PMT posts give some insight or background into my “philosophy of ministry” or my best understanding of the practices that help people become mature followers of Jesus.
part two of “Would a Pastor by Any Other Name Smell as Sweet?” I would encourage you to read part one before jumping in.
I want to resist using the word “leader” when I’m talking about a pastor. “Leader” is a word that carries so much baggage that I feel like we either have to always qualify it with “not that kind of leader” or we risk misleading people about the nature of a pastor’s role in the Church.
The New Testament keeps us jumping by using a collection of words for the role that we call “pastor.” All these different words give us insight into the expectation we are supposed to have for this roll, and they all come from within the context of the writers’ own experiences and cultures. Using a multitude of names as reference points paints a helpful picture of what a being a pastor is without creating something so narrow we can’t apply it outside of the first century.
At the same time, we are so far removed from the New Testament world that it is hard for us to read the text without reading our present experience back into it. It is difficult to read a passage about elders and pastors and leader without all our contemporary baggage coming along to shape how we read the text.
Shepherd, elder, and overseer are words the New Testament writers use to name the role we call “pastor” today. This naming is important because it gives us a more meaningful idea of what the early church had in mind. These are people who feed, guide and guard the flock of God under the eye of the Chief Shepherd. These aren’t our personal flocks but temporary assignments that will be one day, hopefully, handed off to another.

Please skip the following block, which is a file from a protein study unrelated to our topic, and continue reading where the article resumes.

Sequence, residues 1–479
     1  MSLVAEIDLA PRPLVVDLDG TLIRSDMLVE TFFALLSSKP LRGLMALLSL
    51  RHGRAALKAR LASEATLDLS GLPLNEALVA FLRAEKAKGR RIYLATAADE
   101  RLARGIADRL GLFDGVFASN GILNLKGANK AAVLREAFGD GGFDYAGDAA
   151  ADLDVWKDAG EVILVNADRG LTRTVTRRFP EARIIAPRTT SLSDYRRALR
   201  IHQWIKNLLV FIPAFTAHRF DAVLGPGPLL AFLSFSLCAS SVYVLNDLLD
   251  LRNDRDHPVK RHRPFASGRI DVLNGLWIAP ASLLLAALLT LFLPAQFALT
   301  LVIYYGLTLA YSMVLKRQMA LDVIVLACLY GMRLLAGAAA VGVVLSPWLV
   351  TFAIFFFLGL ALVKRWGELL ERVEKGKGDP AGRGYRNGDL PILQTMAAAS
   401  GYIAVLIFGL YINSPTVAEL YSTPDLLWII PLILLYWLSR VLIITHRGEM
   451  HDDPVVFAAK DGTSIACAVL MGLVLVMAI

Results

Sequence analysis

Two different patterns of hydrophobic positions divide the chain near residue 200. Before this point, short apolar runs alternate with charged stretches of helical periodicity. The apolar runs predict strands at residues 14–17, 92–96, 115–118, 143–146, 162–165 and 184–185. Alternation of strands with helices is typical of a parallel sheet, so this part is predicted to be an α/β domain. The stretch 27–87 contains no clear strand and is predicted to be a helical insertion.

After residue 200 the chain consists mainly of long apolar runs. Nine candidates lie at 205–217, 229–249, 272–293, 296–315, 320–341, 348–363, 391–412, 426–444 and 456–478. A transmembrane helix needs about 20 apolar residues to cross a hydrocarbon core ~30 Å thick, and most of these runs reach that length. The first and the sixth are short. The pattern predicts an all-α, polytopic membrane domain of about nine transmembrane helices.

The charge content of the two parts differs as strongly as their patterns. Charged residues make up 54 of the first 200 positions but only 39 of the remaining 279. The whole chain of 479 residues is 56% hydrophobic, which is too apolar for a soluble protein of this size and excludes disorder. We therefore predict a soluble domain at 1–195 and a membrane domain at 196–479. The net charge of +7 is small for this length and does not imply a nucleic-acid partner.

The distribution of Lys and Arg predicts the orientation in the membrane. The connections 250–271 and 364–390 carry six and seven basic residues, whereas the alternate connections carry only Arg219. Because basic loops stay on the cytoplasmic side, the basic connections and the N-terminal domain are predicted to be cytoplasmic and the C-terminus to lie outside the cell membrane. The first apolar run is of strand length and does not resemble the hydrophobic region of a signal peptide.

And they function as part of a collective, a chorus – not as soloists.
What Jesus makes most clear for us is the character and relationship pastors have with the church versus “leadership” as practiced in culture. “When the ten other disciples heard what James and John had asked, they were indignant. But Jesus called them together and said, ‘You know that the rulers in this world lord it over their people, and officials flaunt their authority over those under them. But among you it will be different. Whoever wants to be a leader among you must be your servant, and whoever wants to be first among you must become your slave.’” (Matthew 20:24-27 NLT)
So whether you’re out to be an apostle or a pastor, you approach this with the same attitude: as a servant or slave. Philippians chapter two might come to mind.
More than once I’ve heard a pastor explain how this works by saying, “I serve the church by being their pastor.” But Jesus didn’t say that. If Jesus used the same language he would say, “You pastor by serving the church.” Overtime we’ve adopted so many models from the culture around us that it all becomes murky and as difficult to navigate for the person who feels called to pastoral ministry as it is for the church trying to understand what a pastor does and what they are supposed to be like.
Currently, I’m in the United States version of the Vineyard Church, a network of churches that developed under the leadership of John Wimber. I think the dominant pastoral model for Vineyard USA (VUSA) is the Entrepreneurial model. Local churches are like a personal business, a franchise opportunity, the senior pastor is the franchisee and they contribute a percentage of their weekly “profits” to the Franchise holder for the rights to the “brand.” We typically have boards like a corporation might but the senior pastor functions as the CEO. Sometimes these are small mom and pop type establishments and sometimes they grow to Big Box size and even into multiple locations in a particular city. They might be a family business as father’s turn over the business to their son or daughter (nearly always a son) who takes over the business. In the end, the Senior Pastor/CEO calls the shots and expects loyalty and productivity.